Adjunct Professor Tracy Westerman
Director, Indigenous Psychological Services
Adjunct Professor Tracy Westerman is a trailblazer in Aboriginal mental health, having been named the 2018 Australian of the Year (WA); Inducted into the 2018 WA Women’s Hall of Fame and awarded the 2018 Lifetime Achievement Award, Curtin University amongst many other accolades. She holds a Post Grad Dip (Psychology), and was the first Aboriginal person in Australia to complete a combined Master’s and PhD in Clinical Psychology. Despite having to undertake her university subjects mostly by distance education, she is a recognized leader in Aboriginal mental health, cultural competence and suicide prevention, achieving national and international recognition. A/Prof Westerman is a widely sought-after keynote speaker having delivered to 80+ national conferences and internationally in Canada (2003); the USA (2004), Auckland (2006 & 2007) and Wellington (2009). In 2005 the Canadian government sent a delegation to Australia to explore A/Prof Westerman’s work, resulting in recommendations that the same approaches be adopted for Canadian Aboriginal people (Nunuvut Taskforce, 2006). She was recognized by Canadian Health, 2009 for her substantial contribution to Aboriginal youth mental health & has been cited in numerous reports citing her work. She has developed seven unique psychometric tests enabling the identification of Aboriginal people at suicide and mental health risk. Having trained 25,000+ clinicians in these tools makes her arguably the most in-demand trainer in Australia. It also means these clinicians have been able to reach many thousands more Aboriginal people at risk. Her most notable awards include:
- WA Australian of the Year 2018 & Finalist in the Australian of the Year
- Curtin University Lifetime Achievement Award 2018
- Inducted into the WA Women’s Hall of Fame 2018
- 40 under 40 Business Leaders Strategic Alliance Award (2009)
- Suicide Prevention Australia Award for Emerging Researcher (2006)
- NAIDOC National Scholar of the Year (2002)
- Mark Liveris Award, Curtin University, Health Sciences for best Presentation of PhD (2002)
Suicide Prevention (GradCert) 2nd Year Master of Suicidology
Dameyon Bonson is of the Mangyari (NT) and Maubiag peoples of the Torres Strait. He is a gay male and is recognised as Indigenous suicide prevention subject matter expert, specifically in Indigenous LGBQTI+ suicide prevention. Dameyon has extensive experience working in and with remote Indigenous communities in suicide prevention and is the founder of Black Rainbow, Australia’s first and only national Indigenous LGBQTI suicide prevention charity organisation. He holds a post graduate qualification in Suicide Prevention studies and is currently undertaking a Master of Suicidology. Dameyon’s work has been the catalyst for three Indigenous LGBQTI+ suicide prevention research studies underway in Australia and he currently leads a co-design project with Indigenous LGBQTI+ young people in the NT, that aims to create safer homes and communities. Dameyon lives and works for himself in his hometown of Darwin in the Northern Territory (NT).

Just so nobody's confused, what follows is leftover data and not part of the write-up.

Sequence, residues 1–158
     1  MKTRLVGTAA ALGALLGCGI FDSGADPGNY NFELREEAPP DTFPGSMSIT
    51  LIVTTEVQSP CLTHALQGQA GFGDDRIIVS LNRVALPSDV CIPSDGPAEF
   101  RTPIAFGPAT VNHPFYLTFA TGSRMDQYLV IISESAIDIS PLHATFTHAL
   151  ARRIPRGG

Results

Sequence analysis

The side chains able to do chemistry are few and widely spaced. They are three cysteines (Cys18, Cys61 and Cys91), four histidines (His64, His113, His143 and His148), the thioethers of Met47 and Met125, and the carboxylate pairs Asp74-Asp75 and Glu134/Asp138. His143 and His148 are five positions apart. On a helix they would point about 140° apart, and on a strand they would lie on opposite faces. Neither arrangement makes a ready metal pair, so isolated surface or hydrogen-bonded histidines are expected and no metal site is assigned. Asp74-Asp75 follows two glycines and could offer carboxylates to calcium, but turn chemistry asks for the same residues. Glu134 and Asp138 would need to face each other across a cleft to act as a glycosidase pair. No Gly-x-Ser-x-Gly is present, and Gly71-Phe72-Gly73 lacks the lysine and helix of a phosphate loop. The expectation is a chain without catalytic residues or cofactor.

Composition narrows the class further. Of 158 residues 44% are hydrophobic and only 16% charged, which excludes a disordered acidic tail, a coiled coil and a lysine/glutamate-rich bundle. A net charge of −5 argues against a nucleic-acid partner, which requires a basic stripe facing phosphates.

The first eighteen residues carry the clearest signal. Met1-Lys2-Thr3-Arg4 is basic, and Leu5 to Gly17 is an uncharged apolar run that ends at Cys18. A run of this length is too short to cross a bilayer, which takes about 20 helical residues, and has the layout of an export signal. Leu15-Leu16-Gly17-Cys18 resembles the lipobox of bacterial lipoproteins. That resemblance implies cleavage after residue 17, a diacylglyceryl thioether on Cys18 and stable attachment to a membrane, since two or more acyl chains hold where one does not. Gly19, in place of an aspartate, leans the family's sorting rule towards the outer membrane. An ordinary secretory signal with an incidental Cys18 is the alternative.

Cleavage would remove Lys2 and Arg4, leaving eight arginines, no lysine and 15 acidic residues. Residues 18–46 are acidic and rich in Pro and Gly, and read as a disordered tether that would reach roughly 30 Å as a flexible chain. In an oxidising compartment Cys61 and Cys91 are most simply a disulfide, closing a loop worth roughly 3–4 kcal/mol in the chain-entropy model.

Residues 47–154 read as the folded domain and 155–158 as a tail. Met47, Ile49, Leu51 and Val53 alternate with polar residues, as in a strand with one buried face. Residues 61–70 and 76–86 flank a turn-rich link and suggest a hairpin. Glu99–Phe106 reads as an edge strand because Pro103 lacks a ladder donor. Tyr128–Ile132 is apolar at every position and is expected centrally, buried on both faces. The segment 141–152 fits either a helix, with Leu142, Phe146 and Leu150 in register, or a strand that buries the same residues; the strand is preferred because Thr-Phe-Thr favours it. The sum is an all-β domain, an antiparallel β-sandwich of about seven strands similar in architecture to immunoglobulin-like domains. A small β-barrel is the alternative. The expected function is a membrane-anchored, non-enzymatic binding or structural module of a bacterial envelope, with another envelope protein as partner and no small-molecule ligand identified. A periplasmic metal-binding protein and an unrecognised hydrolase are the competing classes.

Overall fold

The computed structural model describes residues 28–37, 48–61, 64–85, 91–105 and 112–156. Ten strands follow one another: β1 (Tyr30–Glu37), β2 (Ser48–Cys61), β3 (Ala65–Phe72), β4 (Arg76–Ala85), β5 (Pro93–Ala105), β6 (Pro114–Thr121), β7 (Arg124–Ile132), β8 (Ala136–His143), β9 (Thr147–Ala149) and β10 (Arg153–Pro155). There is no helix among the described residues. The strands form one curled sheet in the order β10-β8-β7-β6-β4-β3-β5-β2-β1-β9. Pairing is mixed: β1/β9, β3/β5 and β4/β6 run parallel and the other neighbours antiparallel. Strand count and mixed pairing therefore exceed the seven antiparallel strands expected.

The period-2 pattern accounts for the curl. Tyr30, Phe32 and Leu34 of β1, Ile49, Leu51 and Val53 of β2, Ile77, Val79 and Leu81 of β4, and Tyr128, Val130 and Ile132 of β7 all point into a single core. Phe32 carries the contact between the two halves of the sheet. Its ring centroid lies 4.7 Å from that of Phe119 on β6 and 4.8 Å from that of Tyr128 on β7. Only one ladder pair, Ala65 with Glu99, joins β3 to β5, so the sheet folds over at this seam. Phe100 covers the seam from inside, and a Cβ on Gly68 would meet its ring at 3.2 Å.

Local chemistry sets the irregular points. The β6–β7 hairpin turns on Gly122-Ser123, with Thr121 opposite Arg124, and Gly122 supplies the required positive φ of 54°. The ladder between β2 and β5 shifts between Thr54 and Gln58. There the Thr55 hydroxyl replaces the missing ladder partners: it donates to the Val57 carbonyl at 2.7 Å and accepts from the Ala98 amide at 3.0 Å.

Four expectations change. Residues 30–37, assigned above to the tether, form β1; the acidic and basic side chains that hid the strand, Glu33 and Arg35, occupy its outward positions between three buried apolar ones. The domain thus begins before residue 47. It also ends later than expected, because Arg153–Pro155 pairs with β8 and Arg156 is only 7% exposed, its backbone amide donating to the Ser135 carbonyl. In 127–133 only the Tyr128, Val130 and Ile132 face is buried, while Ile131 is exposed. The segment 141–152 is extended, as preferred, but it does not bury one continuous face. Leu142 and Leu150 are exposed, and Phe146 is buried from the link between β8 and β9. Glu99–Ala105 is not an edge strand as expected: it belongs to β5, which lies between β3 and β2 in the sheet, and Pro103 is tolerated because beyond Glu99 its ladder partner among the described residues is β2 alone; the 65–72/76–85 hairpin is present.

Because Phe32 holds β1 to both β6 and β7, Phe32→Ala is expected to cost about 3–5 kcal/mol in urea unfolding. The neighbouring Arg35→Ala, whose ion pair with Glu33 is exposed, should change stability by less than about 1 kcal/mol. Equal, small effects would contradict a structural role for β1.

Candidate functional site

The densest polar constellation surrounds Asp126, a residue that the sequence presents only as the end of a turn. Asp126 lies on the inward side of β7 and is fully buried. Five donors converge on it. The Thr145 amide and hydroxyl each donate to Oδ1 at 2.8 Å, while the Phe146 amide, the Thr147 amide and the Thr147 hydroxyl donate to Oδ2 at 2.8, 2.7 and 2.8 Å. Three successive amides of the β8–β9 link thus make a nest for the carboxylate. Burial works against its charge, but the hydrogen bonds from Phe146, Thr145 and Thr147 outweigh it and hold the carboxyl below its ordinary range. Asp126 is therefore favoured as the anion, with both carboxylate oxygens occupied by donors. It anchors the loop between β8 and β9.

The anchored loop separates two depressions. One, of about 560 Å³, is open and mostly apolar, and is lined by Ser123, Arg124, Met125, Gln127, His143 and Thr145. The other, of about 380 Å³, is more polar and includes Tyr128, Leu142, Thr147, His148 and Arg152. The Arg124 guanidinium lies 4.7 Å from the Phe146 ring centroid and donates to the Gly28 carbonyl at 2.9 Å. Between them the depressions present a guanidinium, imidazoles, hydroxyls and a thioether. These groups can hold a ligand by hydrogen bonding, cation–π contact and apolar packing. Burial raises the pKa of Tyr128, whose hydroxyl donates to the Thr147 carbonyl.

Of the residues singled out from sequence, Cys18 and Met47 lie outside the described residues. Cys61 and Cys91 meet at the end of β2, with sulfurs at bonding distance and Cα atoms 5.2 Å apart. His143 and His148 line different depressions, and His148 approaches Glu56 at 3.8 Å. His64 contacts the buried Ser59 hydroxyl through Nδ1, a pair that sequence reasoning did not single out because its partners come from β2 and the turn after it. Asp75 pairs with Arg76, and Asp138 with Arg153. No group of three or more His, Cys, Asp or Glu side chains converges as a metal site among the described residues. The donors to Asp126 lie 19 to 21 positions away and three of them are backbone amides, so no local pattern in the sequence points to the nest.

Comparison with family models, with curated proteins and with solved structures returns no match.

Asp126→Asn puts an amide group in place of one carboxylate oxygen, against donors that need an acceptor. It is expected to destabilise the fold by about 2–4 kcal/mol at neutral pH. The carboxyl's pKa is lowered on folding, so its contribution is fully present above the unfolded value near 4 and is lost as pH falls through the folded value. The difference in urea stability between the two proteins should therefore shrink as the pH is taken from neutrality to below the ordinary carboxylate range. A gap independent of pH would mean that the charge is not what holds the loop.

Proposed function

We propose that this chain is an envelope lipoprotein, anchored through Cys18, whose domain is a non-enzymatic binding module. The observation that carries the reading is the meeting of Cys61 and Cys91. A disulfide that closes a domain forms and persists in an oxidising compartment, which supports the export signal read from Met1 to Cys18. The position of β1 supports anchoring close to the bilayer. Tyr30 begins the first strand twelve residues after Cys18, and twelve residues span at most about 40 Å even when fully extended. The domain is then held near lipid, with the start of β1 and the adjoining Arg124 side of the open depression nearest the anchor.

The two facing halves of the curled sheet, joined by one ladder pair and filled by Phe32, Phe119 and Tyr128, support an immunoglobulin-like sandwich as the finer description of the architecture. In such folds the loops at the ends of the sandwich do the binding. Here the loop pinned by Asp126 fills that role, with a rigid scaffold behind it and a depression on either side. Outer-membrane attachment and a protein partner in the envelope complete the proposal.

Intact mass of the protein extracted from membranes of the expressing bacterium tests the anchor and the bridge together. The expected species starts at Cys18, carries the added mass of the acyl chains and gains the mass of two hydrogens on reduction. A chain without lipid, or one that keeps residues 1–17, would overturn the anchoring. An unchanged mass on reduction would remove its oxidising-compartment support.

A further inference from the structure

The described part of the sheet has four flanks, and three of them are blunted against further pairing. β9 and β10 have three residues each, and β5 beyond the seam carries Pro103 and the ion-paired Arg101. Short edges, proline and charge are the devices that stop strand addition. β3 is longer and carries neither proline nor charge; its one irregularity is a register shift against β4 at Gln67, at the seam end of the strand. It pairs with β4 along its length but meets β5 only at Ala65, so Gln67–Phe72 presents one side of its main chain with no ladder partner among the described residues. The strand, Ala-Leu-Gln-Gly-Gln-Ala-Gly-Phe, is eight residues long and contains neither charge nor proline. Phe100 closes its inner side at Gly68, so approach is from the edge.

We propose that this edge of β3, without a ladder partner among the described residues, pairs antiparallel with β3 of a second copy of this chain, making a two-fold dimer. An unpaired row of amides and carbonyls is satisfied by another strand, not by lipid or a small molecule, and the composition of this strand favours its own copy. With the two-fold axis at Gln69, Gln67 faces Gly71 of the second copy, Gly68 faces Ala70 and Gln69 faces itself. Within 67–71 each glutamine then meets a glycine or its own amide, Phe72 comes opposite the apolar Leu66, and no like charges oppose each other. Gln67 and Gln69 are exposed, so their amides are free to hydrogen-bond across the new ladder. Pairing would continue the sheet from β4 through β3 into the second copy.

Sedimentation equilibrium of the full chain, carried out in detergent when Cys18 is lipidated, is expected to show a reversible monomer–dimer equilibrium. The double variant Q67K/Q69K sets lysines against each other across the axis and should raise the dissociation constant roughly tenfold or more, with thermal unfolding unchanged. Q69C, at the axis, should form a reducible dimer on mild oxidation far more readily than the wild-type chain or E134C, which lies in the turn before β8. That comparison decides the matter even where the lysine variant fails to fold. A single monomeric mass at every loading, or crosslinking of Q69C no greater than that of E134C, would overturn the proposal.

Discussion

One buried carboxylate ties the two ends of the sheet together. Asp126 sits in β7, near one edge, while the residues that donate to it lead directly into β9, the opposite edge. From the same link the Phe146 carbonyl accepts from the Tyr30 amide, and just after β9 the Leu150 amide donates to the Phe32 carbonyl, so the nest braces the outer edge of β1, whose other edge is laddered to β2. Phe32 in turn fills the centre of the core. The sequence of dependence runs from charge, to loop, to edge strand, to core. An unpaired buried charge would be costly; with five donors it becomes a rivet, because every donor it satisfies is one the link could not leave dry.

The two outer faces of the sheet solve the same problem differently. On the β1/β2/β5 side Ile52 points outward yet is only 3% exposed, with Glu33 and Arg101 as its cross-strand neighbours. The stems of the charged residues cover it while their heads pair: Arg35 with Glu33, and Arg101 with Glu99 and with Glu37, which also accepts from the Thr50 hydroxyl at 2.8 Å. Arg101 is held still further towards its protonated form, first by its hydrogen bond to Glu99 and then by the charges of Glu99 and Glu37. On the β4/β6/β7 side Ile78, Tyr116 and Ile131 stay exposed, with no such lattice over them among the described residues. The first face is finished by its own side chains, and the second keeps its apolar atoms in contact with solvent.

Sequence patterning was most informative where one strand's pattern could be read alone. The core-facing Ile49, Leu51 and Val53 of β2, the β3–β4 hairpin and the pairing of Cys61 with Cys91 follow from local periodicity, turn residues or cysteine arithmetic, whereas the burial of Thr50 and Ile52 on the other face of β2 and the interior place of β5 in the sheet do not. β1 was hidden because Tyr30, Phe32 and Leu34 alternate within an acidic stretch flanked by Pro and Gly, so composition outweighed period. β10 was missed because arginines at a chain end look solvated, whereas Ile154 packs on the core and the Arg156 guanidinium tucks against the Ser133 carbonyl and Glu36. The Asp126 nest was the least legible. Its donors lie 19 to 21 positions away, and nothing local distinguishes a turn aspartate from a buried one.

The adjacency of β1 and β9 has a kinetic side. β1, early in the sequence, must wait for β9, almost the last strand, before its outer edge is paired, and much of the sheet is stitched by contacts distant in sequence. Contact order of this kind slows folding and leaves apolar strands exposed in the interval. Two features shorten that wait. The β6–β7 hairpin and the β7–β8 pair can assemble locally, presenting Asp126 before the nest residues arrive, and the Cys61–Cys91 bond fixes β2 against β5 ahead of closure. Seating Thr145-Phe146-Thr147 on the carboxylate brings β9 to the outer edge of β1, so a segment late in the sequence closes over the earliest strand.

CEO of the Banjima Native Title Aboriginal
Johanna is the CEO of the Banjima Native Title Aboriginal Corporation and has a solid corporate background including as a former CEO of ASX listed company, Skywest Airlines. She is experienced across a broad range of industries including Aboriginal Engagement, aviation, tourism, not-for-profits, small businesses and aid organisations.
This experience is backed by a Masters’ Degree in Business and Leadership and Post-Graduate qualifications in Applied Corporate Governance. Johanna is a member of the Governance Institute of Australia and has served on several Boards and Advisory Councils. Johanna is passionate about equality and in particular, supporting initiatives that promote the well-being of Aboriginal Australians that serve to broker engagement, enhance relationships and grow the knowledge base amongst the wider Australian community.
Director, Collective Connections & Solutions
A an Aboriginal woman (Yawuru), Mandy has extensive experience working with Aboriginal people, communities and the Aboriginal community controlled sector as well as not for profit and government organisations across the human services sector. Mandy is known for her skilled and consultative approach when working in culturally diverse workplaces and has strong leadership, management and people development skills, with a demonstrated ability to achieve results in complex environments. Having worked for close to 25 years across a range of communities, organisations, executive groups and boards she is skilled in strategic planning, workplace negotiation, stakeholder, and organisational leadership development.
Mandy holds a Graduate Diploma of Human Resources, Graduate Certificate in Management, a Bachelor of Arts in Communication Studies and English and Comparative Literature, and a Diploma of Business (Governance). She is also a Nationally Accredited Workplace Trainer with Human Synergistics Australia in the Life Styles Inventory 1 and 2 and the Group Styles Inventory.
Lynette is a Nyamal woman from the Pilbara region.
She has an extensive 34 year career in the mining industry, where she has held a number of leadership roles developing strategies that have contributed to the increased participation and retention of Aboriginal and Torres Strait islander peoples. This involved identifying, challenging and modifying mainstream systems, polices and processes that were preventing ATSI people from securing employment within the mining industry.
She held a key role in the introduction of a number of regional FIFO programs implemented specifically for ATSI people only.
She has also modelled and lead pre-employment and training programs that enabled inexperience ATSI people to transition into the mining industry at their own pace.